Roti canai is a flatbread that is one of the most popular kinds of breakfast foods in Malaysia. It is much like kerala porotta and paratha breads in India. This circular, flat food consists of dough made with butter, egg, flour, and water, which is kneeded and flattened by hand, then twirled or spun much like pizza dough. The name itself is derived from the word roti, which means bread in the Hindi language, and canai, which is either a derivative of a city in India named Chennai, or channa, a dish consisting of chickpeas, which are used to make roti canai in Northern India. In Malaysia, it comes with a lentil curry called dhal.
It is common in Malaysia to see roti canai being made outdoors at a mamak stall. The popular delicacy is usually eaten for breakfast or late at night, and is available in many common variations that incorporate fried eggs, onions, margarine and sugar, sardines, or banana bread. Typically circular and flat, roti canai is twirled into thin pieces of dough and folded into a circular form. It can also be thinly spread out prior to folding the bread and adding oil. People have come up with their own forms of roti canai, including flatbreads with tuna, cheese, pork, beans, or root beer, which makes the bread fluffier.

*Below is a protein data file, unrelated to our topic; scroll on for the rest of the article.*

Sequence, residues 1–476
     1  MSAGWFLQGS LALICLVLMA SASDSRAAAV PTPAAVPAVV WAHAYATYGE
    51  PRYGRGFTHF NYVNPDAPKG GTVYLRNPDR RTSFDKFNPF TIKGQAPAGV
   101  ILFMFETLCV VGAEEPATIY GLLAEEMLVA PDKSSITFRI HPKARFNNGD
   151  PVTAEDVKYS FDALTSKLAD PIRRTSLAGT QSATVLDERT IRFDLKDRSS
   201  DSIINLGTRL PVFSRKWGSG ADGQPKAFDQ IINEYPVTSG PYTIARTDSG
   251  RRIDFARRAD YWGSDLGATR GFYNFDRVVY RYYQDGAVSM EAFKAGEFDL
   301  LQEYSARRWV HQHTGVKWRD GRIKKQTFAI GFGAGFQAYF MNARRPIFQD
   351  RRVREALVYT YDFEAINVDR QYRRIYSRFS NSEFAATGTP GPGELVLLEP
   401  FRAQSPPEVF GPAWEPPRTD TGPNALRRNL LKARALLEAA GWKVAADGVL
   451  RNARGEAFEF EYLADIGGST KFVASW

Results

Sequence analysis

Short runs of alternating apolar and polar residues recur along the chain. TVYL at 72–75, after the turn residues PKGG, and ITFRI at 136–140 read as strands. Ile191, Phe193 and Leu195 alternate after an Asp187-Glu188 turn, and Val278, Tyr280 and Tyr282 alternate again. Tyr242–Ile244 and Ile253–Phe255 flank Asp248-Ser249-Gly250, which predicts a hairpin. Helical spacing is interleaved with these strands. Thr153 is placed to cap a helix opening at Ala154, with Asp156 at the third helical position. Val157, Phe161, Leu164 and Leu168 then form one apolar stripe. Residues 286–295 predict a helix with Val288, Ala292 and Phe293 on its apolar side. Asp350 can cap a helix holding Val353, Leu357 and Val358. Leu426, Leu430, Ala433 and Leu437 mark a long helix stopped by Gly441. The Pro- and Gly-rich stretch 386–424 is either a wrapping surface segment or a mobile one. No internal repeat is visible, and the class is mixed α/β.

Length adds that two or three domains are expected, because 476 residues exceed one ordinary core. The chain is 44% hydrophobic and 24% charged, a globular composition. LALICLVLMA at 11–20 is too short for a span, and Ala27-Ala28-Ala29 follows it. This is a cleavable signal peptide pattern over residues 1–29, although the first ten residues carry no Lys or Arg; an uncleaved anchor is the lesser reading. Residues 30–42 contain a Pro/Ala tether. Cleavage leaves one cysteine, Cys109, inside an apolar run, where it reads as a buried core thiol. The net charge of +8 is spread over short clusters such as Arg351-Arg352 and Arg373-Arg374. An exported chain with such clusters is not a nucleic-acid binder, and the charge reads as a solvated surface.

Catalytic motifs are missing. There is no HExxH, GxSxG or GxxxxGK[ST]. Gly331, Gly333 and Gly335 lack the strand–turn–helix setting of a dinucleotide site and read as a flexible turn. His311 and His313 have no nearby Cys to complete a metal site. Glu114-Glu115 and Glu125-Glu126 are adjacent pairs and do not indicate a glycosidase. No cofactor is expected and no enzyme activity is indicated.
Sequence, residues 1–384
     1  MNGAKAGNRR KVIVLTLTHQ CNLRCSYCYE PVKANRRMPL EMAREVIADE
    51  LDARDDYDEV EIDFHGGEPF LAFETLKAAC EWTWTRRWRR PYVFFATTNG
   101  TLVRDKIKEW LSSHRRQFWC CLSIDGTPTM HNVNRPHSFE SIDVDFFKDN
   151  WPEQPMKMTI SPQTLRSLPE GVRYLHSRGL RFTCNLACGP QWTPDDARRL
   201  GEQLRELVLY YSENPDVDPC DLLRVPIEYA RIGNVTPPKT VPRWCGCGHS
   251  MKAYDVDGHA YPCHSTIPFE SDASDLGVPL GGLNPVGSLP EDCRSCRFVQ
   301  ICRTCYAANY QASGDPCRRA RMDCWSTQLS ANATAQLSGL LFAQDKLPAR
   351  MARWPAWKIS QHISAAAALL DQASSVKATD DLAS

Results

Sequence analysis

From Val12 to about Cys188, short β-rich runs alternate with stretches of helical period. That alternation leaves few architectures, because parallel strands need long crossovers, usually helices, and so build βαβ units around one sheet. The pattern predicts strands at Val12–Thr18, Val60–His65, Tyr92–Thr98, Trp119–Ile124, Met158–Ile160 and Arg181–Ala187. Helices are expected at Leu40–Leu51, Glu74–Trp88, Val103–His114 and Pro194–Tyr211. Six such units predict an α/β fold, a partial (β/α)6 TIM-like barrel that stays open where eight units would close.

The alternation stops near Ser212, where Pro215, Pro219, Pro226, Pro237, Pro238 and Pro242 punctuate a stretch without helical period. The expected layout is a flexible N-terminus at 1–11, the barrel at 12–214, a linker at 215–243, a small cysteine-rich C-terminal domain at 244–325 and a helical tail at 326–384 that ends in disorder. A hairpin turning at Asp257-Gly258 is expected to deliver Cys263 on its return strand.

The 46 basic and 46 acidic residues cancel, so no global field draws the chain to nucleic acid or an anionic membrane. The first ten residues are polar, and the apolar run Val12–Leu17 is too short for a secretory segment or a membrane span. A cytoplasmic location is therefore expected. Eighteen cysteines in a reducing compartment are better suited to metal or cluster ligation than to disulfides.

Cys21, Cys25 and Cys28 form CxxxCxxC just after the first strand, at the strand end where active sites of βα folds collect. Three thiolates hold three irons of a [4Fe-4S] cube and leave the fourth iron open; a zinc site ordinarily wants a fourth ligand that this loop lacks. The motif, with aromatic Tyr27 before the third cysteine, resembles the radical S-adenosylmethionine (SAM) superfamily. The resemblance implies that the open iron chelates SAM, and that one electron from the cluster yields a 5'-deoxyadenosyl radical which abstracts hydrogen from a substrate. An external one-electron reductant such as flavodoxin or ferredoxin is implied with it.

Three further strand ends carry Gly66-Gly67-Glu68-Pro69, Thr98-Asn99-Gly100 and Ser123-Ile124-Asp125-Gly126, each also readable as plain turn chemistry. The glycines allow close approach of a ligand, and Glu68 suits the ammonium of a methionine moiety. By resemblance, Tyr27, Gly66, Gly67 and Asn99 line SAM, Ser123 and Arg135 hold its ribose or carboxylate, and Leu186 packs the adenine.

Chicken, beef, or fish curry have also been incorporated with the flatbread to create unique dishes. Crispy versions are popular as well, formed by quickly hitting the fried dough between both hands. The many different types of roti canai are sold by outdoor venders and in restaurants. Other creative dishes have incorporated it into salads which have vegetables and mayonnaise wrapped into the dough. Customers can also purchase pastries made of the flatbread, which are pre-made and packaged, and fry them in a pan at home to make roti canai any time they wish.
This flatbread is also fried and cut up into other dishes at many restaurants. Roti canai is usually round in shape, but flatbread that has fillings inside is folded into a square. The Malaysian delicacy is so popular that vendors usually keep a bucket of roti that has already been formed, and then heated up just before serving. Finicky customers can order it round at almost any mamak stall if they prefer it to be made fresh on the spot.